The new, 2024 Volkswagen ID Buzz has finally been revealed, and it has a cargo version, as all vans should. In true throwback fashion, it will be available with a front bench seat. This is cause for celebration!
Volkswagen will launch two versions of the ID Buzz: the regular, passenger version and the ID Buzz Cargo version. The standard Cargo model gets three seats in the cab: a dedicated driver's seat and also a two-person bench next to it, similar to certain variants of the RAM Promaster and the British version of the Ford Transit. Think of it like a 60/40-type split. So, it's not a front bench seat in the most traditional sense of the phrase, but it's still three contiguous seats. That counts in my book.
That front three-seater configuration can also be optioned as a two-seater with dedicated driver and passenger seats—like in normal cars, trucks, and vans—and with a removable center console that latches into place, if buyers demand a more modern cabin. Though, I must ask: Why would you?
The console itself is said to be derived from a version installed in the original concept shown back in 2017 at the Detroit Auto Show. It's apparently a combination storage bin/laptop holder that, on the six-seat passenger version of the van, can be situated in the middle of the second row. VW claims the console can be "easily taken out and fitted back in," which also means that if you'd rather have an airy cabin with room for a purse (like other EVs on the market offer), then it should be as simple as popping it out.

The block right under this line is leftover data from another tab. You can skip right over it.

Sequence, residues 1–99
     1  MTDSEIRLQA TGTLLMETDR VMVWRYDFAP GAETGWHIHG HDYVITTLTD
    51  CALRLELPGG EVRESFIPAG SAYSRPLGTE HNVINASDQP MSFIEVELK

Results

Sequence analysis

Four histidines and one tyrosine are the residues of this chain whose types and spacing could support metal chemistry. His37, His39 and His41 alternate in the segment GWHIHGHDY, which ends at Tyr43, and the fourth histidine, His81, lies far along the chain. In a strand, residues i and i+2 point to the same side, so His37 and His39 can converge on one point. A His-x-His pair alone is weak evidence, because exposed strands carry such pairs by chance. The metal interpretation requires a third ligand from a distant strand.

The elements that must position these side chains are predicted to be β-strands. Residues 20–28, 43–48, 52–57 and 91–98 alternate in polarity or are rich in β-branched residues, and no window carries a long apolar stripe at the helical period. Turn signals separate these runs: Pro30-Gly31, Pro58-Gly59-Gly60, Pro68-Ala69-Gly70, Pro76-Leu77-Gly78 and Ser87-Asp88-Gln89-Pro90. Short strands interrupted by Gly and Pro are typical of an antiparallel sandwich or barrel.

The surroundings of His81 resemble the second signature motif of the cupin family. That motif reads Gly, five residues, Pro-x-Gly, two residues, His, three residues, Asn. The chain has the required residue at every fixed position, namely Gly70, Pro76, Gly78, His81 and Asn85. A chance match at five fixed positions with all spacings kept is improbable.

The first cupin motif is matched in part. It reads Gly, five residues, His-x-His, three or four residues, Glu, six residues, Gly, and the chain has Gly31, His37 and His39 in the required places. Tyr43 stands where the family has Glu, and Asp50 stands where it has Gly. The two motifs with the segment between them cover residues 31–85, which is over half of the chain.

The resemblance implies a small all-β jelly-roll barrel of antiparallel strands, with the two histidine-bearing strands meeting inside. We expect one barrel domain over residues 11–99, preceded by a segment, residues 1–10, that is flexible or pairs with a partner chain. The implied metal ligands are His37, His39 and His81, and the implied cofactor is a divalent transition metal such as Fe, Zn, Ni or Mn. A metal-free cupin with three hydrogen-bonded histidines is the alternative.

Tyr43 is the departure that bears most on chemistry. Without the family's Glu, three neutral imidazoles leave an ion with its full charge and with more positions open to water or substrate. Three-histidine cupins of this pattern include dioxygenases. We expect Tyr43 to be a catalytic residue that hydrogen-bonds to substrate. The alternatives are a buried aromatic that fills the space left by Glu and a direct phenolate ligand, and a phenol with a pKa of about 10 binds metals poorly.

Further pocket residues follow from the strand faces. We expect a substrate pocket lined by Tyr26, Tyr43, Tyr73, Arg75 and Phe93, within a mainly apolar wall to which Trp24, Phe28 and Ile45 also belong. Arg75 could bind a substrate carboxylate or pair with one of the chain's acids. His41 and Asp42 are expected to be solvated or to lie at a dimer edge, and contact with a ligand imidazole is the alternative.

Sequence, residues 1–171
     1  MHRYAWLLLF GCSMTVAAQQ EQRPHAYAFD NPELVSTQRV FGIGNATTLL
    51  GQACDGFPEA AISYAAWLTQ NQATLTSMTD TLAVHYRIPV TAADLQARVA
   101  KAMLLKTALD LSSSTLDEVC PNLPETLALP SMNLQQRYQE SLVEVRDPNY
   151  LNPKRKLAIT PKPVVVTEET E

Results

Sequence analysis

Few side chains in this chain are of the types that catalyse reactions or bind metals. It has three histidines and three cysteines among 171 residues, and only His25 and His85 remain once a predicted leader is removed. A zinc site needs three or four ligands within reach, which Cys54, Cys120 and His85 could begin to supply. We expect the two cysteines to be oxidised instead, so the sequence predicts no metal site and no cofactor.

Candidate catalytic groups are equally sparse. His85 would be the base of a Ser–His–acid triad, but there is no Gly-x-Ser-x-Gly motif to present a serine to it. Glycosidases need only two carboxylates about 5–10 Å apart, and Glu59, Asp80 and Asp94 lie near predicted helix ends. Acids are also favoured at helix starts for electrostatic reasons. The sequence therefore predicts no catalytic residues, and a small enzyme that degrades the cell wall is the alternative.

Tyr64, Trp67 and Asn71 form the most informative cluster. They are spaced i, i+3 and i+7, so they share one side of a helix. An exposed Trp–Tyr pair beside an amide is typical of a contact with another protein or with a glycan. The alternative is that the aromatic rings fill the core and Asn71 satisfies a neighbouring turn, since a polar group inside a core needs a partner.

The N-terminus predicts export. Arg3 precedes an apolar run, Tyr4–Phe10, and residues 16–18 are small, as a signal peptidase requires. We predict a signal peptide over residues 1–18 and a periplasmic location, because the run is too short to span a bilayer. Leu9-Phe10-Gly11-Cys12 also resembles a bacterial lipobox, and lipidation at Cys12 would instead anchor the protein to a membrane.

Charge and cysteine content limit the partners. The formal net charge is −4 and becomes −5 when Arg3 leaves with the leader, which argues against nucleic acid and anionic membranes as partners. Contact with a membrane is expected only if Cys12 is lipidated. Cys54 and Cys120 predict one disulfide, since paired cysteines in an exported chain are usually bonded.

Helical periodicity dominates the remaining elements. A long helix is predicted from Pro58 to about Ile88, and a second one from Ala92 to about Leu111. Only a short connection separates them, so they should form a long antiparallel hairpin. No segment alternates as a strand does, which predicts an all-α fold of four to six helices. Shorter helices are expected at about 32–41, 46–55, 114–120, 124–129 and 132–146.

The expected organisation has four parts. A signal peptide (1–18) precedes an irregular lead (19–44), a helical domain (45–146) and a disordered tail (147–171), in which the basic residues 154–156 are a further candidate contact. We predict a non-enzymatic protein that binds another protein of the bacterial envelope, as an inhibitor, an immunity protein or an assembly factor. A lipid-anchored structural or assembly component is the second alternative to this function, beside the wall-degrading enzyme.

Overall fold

Regardless of the seating configuration, the ID Buzz Cargo appears to tick all the boxes of what make a useful work van. A rear-cargo divider with an optional opening window that works as a pass-through to the cargo compartment, built-in tie-downs, and 137.7 cubic feet of space are all bonafide work-van benefits.
For now, it's unclear if the North American market will get the ID Buzz Cargo, as it'll only be available in Europe during its initial launch. But it's still good to know that one of the most useful features associated with old haulers is making a comeback. And with how ripe short-haul, in-town trips are for electrification, I'd be willing to hold out hope to see if adorable little Volkswagen work vans will indeed scurry about stateside sometime soon.
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